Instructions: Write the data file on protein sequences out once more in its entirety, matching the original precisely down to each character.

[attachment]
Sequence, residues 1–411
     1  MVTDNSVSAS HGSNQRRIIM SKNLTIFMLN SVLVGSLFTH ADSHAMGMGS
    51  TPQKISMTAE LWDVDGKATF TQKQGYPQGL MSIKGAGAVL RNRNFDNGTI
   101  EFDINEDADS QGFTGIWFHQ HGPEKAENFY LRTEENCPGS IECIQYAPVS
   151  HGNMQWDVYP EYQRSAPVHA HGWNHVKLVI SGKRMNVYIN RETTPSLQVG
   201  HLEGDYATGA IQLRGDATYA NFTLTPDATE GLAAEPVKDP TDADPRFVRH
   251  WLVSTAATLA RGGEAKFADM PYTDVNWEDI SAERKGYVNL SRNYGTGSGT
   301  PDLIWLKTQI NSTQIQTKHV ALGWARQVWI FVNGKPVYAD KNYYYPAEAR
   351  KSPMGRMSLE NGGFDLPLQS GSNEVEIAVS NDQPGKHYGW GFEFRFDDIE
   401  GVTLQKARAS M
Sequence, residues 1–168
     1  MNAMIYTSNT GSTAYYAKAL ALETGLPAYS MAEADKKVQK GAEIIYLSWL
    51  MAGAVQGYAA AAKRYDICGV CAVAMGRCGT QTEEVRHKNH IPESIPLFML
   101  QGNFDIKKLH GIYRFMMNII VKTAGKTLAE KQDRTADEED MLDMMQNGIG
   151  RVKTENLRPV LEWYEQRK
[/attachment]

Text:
Sequence, residues 1–411
     1  MVTDNSVSAS HGSNQRRIIM SKNLTIFMLN SVLVGSLFTH ADSHAMGMGS
    51  TPQKISMTAE LWDVDGKATF TQKQGYPQGL MSIKGAGAVL RNRNFDNGTI
   101  EFDINEDADS QGFTGIWFHQ HGPEKAENFY LRTEENCPGS IECIQYAPVS
   151  HGNMQWDVYP EYQRSAPVHA HGWNHVKLVI SGKRMNVYIN RETTPSLQVG
   201  HLEGDYATGA IQLRGDATYA NFTLTPDATE GLAAEPVKDP TDADPRFVRH
   251  WLVSTAATLA RGGEAKFADM PYTDVNWEDI SAERKGYVNL SRNYGTGSGT
   301  PDLIWLKTQI NSTQIQTKHV ALGWARQVWI FVNGKPVYAD KNYYYPAEAR
   351  KSPMGRMSLE NGGFDLPLQS GSNEVEIAVS NDQPGKHYGW GFEFRFDDIE
   401  GVTLQKARAS M
Sequence, residues 1–168
     1  MNAMIYTSNT GSTAYYAKAL ALETGLPAYS MAEADKKVQK GAEIIYLSWL
    51  MAGAVQGYAA AAKRYDICGV CAVAMGRCGT QTEEVRHKNH IPESIPLFML
   101  QGNFDIKKLH GIYRFMMNII VKTAGKTLAE KQDRTADEED MLDMMQNGIG
   151  RVKTENLRPV LEWYEQRK